The Republicans used to be the party of business, but now they are emerging as a multiracial working-class party. In the Times/Siena poll, Hispanic voters were nearly evenly split about whether they favored Republicans or Democrats in the midterms. That may be overstating how much Hispanics have shifted, but it does seem as if the Republicans are genuinely becoming a working-class white-brown coalition. These voters care about the economy, the economy and the economy.

In other words, we now have an establishment progressive party and an anti-establishment conservative party. This isn’t normal.

If I were a cynical political operative who wanted to construct a presidential candidate perfectly suited for this moment, I’d start by making this candidate culturally conservative. I’d want the candidate to show by dress, speech and style that he or she is not part of the coastal educated establishment. I’d want the candidate to connect with middle- and working-class voters on values and to be full-throatedly patriotic.

Then I’d make the candidate economically center-left. I’d want to fuse the economic anxieties of the working-class Republicans with the economic anxieties of the Bernie Sanders young into one big riled populist package. College debt forgiveness. An aggressive home-building project to bring down prices. Whatever it took.

Then I’d have that candidate deliver one nonpartisan message: Everything is broken. Then he or she would offer a slew of institutional reforms to match the comprehensive institutional reforms the Progressive movement offered more than a century ago.

I guess I’m looking for a sort of modern Theodore Roosevelt. But heck, I don’t know. What’s coming down the pike is probably so unforeseeable that I don’t even have categories for it yet.

28 thoughts on “Some Food For Thought

  1. The conditions are definitely there for a transformational revolution. Lots of dissatisfaction and dissent on both sides and so much conflict. Hopeful the big turning point is one that brings longterm and sustained positive change.

    Liked by 1 person

    • You’re right … there is a great deal of angst on both sides. However, there is also a great deal of apathy and that concerns me. Too many people say, “Oh well … it doesn’t matter … it will all work out in the long run just like it always has.” Well no, it hasn’t always. Remember a dude named Adolf Hitler who Trump seems to model himself after? Or Lenin? Mussolini? And more recently … Putin? Erdoğan? Bolsonaro? Orbán? Sigh. Just because we’ve been lucky for over 200 years doesn’t mean it can’t happen here, for it can and almost did. Like you, I hope there is a big turning point that brings a positive outcome, but … I’m not liking what I’m seeing so far. Fingers crossed.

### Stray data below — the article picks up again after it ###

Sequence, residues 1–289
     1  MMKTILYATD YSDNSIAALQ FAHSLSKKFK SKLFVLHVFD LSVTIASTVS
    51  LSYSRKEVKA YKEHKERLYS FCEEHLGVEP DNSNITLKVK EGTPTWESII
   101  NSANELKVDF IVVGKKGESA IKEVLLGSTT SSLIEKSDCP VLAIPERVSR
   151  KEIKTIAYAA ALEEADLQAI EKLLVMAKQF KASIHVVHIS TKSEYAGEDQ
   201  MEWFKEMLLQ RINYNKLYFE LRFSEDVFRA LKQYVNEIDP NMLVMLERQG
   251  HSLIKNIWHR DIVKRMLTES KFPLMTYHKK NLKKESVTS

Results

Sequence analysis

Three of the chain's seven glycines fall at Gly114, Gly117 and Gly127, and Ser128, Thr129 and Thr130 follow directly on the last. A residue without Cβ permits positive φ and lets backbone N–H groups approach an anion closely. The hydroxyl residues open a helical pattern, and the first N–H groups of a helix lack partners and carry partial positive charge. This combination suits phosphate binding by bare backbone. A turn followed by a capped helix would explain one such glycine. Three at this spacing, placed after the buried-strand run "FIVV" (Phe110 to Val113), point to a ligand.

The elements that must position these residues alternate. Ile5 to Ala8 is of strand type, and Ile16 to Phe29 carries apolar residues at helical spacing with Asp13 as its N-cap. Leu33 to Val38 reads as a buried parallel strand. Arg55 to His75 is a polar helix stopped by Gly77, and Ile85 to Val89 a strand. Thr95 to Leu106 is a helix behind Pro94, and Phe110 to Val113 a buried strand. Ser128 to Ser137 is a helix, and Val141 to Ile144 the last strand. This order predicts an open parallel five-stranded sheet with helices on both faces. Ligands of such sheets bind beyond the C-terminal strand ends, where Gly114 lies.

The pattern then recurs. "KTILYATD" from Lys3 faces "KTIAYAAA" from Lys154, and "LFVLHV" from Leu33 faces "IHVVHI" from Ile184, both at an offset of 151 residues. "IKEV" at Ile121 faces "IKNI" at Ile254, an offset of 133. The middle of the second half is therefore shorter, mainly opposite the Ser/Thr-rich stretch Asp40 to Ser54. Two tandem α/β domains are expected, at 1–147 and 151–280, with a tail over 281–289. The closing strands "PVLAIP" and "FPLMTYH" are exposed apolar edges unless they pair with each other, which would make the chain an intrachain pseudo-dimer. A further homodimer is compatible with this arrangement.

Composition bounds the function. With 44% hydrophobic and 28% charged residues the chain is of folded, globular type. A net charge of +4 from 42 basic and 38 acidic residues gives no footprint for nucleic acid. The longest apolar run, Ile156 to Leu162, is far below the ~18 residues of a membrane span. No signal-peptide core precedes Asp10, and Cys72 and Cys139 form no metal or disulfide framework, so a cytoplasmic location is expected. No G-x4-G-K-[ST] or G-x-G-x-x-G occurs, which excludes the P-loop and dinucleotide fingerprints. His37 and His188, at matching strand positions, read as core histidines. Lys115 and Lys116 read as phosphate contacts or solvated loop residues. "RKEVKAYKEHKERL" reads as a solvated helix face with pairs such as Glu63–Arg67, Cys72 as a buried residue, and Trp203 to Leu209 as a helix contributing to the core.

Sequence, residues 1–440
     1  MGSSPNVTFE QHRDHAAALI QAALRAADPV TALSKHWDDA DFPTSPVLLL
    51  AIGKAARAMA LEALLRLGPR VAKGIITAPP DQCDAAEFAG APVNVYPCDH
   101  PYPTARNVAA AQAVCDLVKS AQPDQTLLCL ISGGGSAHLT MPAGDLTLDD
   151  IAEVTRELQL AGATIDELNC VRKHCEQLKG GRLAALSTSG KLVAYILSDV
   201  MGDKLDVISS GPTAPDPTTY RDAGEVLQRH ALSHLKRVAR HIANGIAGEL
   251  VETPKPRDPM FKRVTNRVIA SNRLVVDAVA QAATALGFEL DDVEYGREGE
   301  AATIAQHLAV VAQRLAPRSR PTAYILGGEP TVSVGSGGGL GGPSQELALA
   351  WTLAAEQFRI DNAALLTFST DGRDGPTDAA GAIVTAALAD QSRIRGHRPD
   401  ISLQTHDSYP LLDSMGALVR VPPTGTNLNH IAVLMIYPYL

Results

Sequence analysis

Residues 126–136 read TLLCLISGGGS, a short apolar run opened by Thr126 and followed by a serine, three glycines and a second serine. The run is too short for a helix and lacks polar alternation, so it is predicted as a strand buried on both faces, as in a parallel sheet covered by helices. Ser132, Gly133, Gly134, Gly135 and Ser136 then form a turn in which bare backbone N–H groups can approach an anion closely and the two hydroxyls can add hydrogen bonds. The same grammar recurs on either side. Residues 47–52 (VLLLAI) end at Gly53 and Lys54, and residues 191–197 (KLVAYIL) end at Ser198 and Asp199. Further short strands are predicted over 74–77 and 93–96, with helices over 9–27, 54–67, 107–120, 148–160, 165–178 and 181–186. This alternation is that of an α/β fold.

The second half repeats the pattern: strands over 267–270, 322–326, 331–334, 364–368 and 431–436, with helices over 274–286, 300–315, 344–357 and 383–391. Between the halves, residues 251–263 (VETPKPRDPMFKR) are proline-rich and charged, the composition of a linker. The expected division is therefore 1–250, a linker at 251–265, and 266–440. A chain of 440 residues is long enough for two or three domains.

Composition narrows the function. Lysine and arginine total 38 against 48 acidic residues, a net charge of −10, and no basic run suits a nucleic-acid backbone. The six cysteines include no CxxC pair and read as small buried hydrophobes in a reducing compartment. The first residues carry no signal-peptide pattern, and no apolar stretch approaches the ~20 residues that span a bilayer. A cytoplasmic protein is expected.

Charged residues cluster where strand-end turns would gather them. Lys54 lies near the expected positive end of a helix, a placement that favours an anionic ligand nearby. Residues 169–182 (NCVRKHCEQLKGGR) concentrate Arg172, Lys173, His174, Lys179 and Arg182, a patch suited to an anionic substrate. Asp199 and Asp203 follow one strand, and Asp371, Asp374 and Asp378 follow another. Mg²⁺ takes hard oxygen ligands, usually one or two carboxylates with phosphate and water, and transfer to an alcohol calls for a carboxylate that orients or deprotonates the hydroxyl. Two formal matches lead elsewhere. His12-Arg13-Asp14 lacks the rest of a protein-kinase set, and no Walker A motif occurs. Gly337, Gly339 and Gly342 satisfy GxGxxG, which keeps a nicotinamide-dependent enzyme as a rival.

Liked by 1 person

      • The apathy, for sure, is also concerning and the feeling that why bother, when my vote and my voice don’t make a difference. I could see political machines targeting and trying to grow these bases too, because it all serves their greater purpose. I do hope the next generation – and their anger – will help fuel another much needed revolutionary change.

        Liked by 1 person

        • I can definitely understand how easy it is to fall into the trap of believing that one person cannot make a difference. And yet … one person’s voice paired with another and then several more, can maybe … just maybe … make a powerful statement. We have to start somewhere … and silence is not, in my book, an option. There is a quote … ““The only thing necessary for the triumph of evil is for good men to do nothing.” I think that speaks volumes. I would love to come back 100 years from now to see how historians treat this era!

          Liked by 1 person

  2. And, every election, we are, forced to choose between, the bad, the worse, and the, worst, that is how the voting system in the, free world works , and, turning that GUN on our selves, is still NOT, a, viable option either, which is why, a lot of us now, don’t feel, motivated enough to head to the polls and, casting that, ballot, because, what’s the, point???

    Liked by 2 people